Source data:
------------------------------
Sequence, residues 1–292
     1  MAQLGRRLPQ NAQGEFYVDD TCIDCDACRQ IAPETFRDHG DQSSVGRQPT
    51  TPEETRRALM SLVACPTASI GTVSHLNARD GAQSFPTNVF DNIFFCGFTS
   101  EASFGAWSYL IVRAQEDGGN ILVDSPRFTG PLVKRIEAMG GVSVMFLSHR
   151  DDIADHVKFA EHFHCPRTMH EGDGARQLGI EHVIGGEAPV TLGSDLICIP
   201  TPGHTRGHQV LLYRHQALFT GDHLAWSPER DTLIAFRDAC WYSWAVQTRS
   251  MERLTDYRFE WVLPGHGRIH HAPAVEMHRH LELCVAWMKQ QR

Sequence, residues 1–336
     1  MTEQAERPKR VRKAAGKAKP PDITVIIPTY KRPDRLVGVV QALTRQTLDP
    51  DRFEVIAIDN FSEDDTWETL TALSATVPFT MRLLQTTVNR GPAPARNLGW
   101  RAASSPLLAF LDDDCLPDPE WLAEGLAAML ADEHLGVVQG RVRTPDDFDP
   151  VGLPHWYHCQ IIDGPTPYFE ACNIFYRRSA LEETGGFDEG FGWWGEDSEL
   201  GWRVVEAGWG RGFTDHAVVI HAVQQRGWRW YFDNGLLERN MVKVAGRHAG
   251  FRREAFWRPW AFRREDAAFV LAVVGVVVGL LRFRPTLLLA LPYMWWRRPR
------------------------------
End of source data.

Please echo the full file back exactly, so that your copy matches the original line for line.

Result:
Sequence, residues 1–292
     1  MAQLGRRLPQ NAQGEFYVDD TCIDCDACRQ IAPETFRDHG DQSSVGRQPT
    51  TPEETRRALM SLVACPTASI GTVSHLNARD GAQSFPTNVF DNIFFCGFTS
   101  EASFGAWSYL IVRAQEDGGN ILVDSPRFTG PLVKRIEAMG GVSVMFLSHR
   151  DDIADHVKFA EHFHCPRTMH EGDGARQLGI EHVIGGEAPV TLGSDLICIP
   201  TPGHTRGHQV LLYRHQALFT GDHLAWSPER DTLIAFRDAC WYSWAVQTRS
   251  MERLTDYRFE WVLPGHGRIH HAPAVEMHRH LELCVAWMKQ QR

Sequence, residues 1–336
     1  MTEQAERPKR VRKAAGKAKP PDITVIIPTY KRPDRLVGVV QALTRQTLDP
    51  DRFEVIAIDN FSEDDTWETL TALSATVPFT MRLLQTTVNR GPAPARNLGW
   101  RAASSPLLAF LDDDCLPDPE WLAEGLAAML ADEHLGVVQG RVRTPDDFDP
   151  VGLPHWYHCQ IIDGPTPYFE ACNIFYRRSA LEETGGFDEG FGWWGEDSEL
   201  GWRVVEAGWG RGFTDHAVVI HAVQQRGWRW YFDNGLLERN MVKVAGRHAG
   251  FRREAFWRPW AFRREDAAFV LAVVGVVVGL LRFRPTLLLA LPYMWWRRPR